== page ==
After careful planning and evaluation of options, King County Metro and SDOT announced today that West Seattle and Burien-area bus routes heading south will move off First Avenue and instead use Second Avenue to connect to Fourth Avenue beginning Monday, September 9, 2019.
West Seattle, Burien, and neighboring area bus riders will see more consistent travel times starting Monday, Sept. 9, 2019. After monitoring travel and transit times for buses on First Avenue and identifying significant impacts for commuters, officials from King County Metro and Seattle Department of Transportation announced a service revision that takes southbound buses off First Avenue and on to a pathway that utilizes Second Avenue and Fourth Avenue South.
Metro will establish a long-term stop on Second Avenue Extension South between South Washington Street and South Main Street to replace the southbound stop at First Avenue South and South King Street.
This service revision comes after Metro and SDOT evaluated alternate pathways and worked to prioritize bus traffic through the city’s central business district. SDOT has implemented signal timing changes on First Avenue to keep northbound and southbound traffic moving and will continue to monitor current conditions. Buses using Second Avenue to connect to Fourth Avenue South will have a second left turn lane from Columbia Street to Second Avenue. These changes were deemed necessary in order to adequately address the flow of traffic along the pathway.
Northbound buses will remain on the First Avenue pathway until Alaskan Way opens in early 2020, except for a temporary short-term reroute for when Dearborn Street is closed for viaduct demolition. Northbound routes using SR99 will be on temporary reroute between September 12-21 and will take Fourth Avenue South with stops at Prefontaine Place South and James Street.
Ensuring reliable transit in and out of downtown is a priority during the “Seattle Squeeze,” the period over the next five years as Seattle’s downtown continues to change to meet the needs of a growing city. Regional transportation partners including the Seattle Department of Transportation, the Washington State Department of Transportation, King County Metro, Sound Transit, and the Port of Seattle are all working together to keep people and goods moving safely to and through downtown.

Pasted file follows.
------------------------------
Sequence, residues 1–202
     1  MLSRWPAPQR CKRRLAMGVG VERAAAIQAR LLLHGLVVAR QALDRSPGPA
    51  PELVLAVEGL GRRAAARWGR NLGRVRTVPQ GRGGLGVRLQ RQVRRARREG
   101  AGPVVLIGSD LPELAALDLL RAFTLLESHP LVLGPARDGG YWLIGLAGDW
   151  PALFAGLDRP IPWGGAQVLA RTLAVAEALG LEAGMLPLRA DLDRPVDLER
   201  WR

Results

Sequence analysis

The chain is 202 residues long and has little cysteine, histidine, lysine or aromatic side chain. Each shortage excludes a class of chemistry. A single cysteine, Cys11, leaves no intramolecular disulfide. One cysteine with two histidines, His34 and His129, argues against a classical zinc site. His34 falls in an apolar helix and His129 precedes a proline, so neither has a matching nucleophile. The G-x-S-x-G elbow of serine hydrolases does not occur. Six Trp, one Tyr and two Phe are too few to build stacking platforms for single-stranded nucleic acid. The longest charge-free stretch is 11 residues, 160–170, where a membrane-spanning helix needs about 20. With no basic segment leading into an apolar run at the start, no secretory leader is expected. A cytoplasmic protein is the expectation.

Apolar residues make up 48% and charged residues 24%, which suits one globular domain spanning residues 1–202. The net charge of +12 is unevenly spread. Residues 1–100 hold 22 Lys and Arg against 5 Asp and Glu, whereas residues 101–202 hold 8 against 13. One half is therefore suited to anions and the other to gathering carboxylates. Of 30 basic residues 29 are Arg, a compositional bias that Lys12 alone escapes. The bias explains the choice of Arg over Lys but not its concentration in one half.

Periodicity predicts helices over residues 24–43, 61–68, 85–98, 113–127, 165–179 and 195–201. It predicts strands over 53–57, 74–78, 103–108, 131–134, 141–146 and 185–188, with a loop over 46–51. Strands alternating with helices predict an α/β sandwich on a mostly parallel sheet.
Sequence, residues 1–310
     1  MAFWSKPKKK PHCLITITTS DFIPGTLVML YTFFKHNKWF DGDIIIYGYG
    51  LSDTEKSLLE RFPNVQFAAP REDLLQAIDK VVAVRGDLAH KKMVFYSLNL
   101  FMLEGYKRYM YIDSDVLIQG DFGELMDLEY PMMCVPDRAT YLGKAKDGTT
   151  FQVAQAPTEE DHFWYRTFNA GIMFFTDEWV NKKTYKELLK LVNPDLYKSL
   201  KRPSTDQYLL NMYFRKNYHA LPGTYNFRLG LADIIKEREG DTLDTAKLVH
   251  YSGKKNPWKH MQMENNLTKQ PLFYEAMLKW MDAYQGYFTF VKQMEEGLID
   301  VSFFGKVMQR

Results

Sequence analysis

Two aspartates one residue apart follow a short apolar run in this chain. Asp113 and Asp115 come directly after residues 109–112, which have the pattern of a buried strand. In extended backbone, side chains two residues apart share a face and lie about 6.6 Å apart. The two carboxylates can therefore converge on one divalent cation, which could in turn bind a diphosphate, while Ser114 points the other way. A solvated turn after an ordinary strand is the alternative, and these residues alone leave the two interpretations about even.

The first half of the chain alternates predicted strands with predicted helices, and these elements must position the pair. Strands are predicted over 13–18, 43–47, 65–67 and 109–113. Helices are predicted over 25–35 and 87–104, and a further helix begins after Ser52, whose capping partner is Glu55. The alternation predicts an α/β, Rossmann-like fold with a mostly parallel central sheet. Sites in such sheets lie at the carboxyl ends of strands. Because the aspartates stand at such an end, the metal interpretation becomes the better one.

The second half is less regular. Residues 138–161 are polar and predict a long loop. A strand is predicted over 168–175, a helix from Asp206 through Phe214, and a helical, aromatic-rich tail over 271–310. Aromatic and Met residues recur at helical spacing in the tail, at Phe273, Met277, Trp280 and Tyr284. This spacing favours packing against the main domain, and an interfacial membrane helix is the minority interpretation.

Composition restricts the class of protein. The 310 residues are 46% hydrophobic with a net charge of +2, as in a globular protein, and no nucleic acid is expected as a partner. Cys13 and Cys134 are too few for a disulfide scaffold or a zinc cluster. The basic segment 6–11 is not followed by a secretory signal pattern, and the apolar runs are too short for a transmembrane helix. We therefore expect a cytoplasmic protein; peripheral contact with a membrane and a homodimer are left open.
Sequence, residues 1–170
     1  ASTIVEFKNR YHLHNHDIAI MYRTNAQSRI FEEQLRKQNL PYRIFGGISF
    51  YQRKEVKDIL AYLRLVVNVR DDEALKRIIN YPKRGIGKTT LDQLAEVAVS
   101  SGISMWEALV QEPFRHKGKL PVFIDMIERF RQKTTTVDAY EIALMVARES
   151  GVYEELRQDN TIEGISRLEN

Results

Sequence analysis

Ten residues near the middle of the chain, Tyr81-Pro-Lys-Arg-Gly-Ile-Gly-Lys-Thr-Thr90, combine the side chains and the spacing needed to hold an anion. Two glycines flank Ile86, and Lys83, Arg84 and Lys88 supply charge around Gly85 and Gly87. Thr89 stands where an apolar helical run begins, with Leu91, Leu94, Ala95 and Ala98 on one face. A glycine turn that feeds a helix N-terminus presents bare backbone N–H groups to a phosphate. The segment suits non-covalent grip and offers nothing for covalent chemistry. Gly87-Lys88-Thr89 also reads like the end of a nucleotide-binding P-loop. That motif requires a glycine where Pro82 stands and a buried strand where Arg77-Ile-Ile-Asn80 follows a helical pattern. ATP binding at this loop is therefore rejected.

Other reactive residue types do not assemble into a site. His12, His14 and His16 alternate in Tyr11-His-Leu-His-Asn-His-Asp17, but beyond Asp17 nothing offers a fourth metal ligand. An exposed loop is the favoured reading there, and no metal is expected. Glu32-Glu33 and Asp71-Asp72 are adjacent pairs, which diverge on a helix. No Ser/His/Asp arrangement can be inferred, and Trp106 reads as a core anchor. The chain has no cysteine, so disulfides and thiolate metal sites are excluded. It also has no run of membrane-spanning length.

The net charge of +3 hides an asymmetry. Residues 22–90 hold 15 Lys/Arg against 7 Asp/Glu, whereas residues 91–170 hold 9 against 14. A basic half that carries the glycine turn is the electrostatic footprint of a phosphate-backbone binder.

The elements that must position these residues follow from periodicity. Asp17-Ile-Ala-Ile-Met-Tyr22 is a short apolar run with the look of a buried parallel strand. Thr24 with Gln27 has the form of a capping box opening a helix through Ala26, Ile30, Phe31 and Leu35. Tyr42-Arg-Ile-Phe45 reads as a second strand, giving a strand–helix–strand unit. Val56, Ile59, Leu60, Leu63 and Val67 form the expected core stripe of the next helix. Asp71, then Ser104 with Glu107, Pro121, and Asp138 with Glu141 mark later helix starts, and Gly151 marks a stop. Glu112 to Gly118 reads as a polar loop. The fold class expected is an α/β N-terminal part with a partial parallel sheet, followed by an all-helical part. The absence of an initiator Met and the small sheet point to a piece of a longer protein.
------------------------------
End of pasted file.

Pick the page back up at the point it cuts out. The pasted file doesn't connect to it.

Travelers should continue to plan ahead, adjust travel times when possible, prepare for impacts to downtown traffic, and exercise patience. As always, we encourage people to walk, bike, or take public transit whenever possible.
“Ongoing construction and disruption on the waterfront hurt Metro’s ability to move people quickly and efficiently to and from West Seattle and Burien, particularly in the evening commute. We directed resources to come up with alternative routes and traffic improvements. Running buses on Second and Fourth avenues should improve speed and reliability, and we will continue to make needed adjustments to make sure Metro is the best way to get around during the Seattle Squeeze, and beyond.”
- Dow Constantine, King County Executive
“During these first few chapters of the Seattle Squeeze, our entire region has come together to be part of the solution and help make room on our roads. Working closely with Metro, the City continues to work to keep transit, people and goods moving. As we’ve closely monitored transit and travel times on 1st Avenue, we have seen the big impact it’s had on commuters. That’s why I asked the Seattle Department of Transportation to work with Metro to identify alternatives to 1st Avenue, including new routes. We are also making investments in signal timing, bus-only lanes, and more Metro service that will help keep people and transit moving during this new era of tough traffic,” said Seattle Mayor Jenny A. Durkan. “The City of Seattle will continue working closely with our partners at King County Metro to make sure our roads are working as well as possible for buses during this new era of tough traffic.”
- Jenny A. Durkan, Seattle Mayor
“To say the Seattle Squeeze has been rough on those of us who rely on bus service from downtown to West Seattle and Burien is an understatement. We must strive and expect to be a responsive and nimble government and this is a needed adjustment to address the challenges we’ve experienced this summer. I appreciate the collaboration between King County Metro and Seattle Department of Transportation for developing this thoughtful solution, and look forward to working with both departments to track our commute experience in the coming months.”
- Joe McDermott, King County Councilmember
"West Seattle bus commuters have been contacting me about this crunch and I've worked since April to find alternatives. I appreciate Metro, SDOT, the County Executive and the Mayor working to find a cost-effective solution for our bus system, and mitigates any potential obstructions to our Fire Department and emergency responders."
- Lisa Herbold, Seattle City Councilmember